These two elements go together. For the A string on the violin, the tuner should say A4, which is 440 Hertz.
The number after the letter just refers to the octave. If the A string is close to being in tune, it will say A4. If the string is way out of tune, it will probably say a different letter and maybe even a different number. If the tuner says B4 when you pluck the A, it is a whole note higher than it should be, so you need to bring it back down to A4.
If you’re using ClearTune or another app, you might only see the letter, not the number.
2. The needle
If the needle of the tuner is centered, then that note (the letter and number) is in tune. If the needle isn’t centered, then that note is out of tune.
Follow this chart I made to help you know what to do when using a tuner:
- If the pitch name (A4) is correct and the needle is centered, then you don’t need to do anything. The A string is in tune.
- If the pitch name is correct but the needle is not centered, then use the fine tuners.
- If the pitch name is not correct, then use the pegs.
Should you use the fine tuners or the pegs?
Use the fine tuners for little adjustments, and use the pegs for big adjustments.
To tune with the fine tuners:
Find the A string and follow it down to find its matching fine tuner. When you adjust the fine tuners, remember “lefty loosey, righty tighty.”
- Turning the fine tuner lefty loosey (counterclockwise) makes the tuner needle move to the left and makes the pitch lower.
- Turning the fine tuner to righty tighty (clockwise) makes the tuner needle move to the right and makes the pitch higher.
When you’re tuning with fine tuners, you might run into the problem of one of them being tightened all the way or loosened all the way. If this happens, then turn the fine tuner to a spot where it’s not in or out all the way. Then use the pegs.
To tune with the pegs:
A lot of parents are scared of moving the pegs, but if you’re careful and understand the mechanisms, then you don’t need to worry.
Check with your child’s teacher that this is okay for you to do. Some teachers prefer that parents never touch the pegs, but it really just depends on the teacher. If I have shown my students’ parents how to tune with the pegs and they feel up for the challenge, I’m happy to let them tune at home.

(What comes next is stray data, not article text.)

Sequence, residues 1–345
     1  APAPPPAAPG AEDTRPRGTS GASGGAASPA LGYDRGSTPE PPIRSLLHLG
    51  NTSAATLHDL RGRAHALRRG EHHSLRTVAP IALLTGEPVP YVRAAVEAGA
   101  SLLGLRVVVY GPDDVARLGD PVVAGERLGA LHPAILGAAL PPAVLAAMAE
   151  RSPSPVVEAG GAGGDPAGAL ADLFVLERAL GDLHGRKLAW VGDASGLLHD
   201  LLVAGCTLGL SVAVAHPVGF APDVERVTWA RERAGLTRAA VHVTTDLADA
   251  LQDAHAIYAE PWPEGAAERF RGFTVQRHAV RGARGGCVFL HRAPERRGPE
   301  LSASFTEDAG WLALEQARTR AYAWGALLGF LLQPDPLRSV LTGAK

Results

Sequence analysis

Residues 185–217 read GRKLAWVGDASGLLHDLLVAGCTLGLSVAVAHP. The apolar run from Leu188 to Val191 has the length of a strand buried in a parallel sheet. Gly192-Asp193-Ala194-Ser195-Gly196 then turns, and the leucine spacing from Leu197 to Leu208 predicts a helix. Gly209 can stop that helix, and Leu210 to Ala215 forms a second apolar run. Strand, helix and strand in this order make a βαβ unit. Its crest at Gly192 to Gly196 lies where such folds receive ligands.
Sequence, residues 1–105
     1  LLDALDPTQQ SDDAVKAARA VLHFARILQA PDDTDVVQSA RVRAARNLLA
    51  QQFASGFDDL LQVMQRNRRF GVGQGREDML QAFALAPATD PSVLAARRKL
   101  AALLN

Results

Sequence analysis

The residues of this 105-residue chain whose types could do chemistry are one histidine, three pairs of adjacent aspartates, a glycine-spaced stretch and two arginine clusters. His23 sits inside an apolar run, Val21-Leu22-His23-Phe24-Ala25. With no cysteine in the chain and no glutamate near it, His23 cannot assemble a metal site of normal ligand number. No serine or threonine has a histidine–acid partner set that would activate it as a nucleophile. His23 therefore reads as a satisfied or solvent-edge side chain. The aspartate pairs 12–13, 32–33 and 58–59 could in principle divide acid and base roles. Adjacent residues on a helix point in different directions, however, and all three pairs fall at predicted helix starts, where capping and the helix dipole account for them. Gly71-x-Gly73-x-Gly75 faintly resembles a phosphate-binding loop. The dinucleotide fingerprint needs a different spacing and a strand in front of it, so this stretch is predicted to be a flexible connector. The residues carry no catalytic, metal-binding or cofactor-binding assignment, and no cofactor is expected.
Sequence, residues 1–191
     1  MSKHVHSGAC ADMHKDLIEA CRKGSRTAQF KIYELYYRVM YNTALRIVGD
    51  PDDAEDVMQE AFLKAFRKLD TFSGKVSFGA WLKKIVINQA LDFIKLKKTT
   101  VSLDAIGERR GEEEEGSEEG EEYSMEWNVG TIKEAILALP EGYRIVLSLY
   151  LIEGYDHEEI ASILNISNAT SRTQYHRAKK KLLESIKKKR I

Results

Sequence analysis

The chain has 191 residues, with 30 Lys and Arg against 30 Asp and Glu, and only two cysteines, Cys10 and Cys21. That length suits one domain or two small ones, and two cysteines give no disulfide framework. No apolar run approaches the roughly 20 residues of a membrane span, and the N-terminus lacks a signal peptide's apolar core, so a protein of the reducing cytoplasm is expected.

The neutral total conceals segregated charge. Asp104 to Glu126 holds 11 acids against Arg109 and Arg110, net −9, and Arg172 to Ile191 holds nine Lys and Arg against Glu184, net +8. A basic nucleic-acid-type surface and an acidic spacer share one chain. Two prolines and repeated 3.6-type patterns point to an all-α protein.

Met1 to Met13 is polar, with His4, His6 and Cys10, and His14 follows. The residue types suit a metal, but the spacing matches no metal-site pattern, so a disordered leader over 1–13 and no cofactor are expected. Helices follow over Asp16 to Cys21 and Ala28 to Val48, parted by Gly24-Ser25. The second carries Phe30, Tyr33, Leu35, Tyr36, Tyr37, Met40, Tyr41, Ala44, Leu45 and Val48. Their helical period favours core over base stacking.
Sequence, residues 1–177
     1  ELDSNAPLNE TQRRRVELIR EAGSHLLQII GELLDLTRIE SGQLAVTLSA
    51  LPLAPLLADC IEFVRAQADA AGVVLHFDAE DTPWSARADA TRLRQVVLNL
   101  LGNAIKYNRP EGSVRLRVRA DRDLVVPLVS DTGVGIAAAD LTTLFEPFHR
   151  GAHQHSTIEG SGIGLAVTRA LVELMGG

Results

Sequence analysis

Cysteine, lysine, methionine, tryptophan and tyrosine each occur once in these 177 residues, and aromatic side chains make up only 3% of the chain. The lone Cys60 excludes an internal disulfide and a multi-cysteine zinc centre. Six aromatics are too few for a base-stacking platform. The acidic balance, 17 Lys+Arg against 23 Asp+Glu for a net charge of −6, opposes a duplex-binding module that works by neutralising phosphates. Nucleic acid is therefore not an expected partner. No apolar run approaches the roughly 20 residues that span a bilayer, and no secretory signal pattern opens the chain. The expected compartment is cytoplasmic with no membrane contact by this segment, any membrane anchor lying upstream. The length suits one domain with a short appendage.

To find which peg is attached to the A string, follow the string up to the peg box. The A-string peg is on the top right.
“Lefty loosey, righty tighty” doesn’t work as well with the pegs since they’re sideways from where you’re facing.
- Turning the peg toward you loosens the string and makes the pitch lower.
- Turning the peg away from you tightens the string and makes the pitch higher.
You already know from watching the tuner if you need to make the A string go higher or lower in pitch, so now just choose the correct direction of turning the peg.
There’s an important trick to turning the pegs.
As you turn the pegs, don’t let the pegs pull out from the pegbox. The pegs stay where they are because of friction. So if you turn the peg and shimmy the peg away from the tight hole in the pegbox, the peg will slip. Then you’ll have too much slack and you’ll have to restring the violin string. This can be a pain if you don’t know how, so always put a little pressure toward the pegbox as you turn the peg. In other words, push in as you turn the peg.
It can be hard to use just the peg to get the tuner needle centered. So once you’ve moved the peg and gotten it to the correct note (A4 for the A string), switch to using the fine tuners.
Once you can pluck the A string and the app says A4 with the needle centered, the A string is perfectly in tune! Now move on to the other strings.
Step 4 of How to Tune a Violin: Repeat Step 3 for the other three strings.
The more you practice tuning your child’s violin, the easier it becomes. With enough practice, you’ll be able to check and fix the tuning in a matter of minutes or even seconds.
When you subscribe to the Practice Pizzazz email list, you’ll receive a welcome email with the tuning guide.
Now you have everything you need to tune your child’s violin quickly, confidently, and correctly!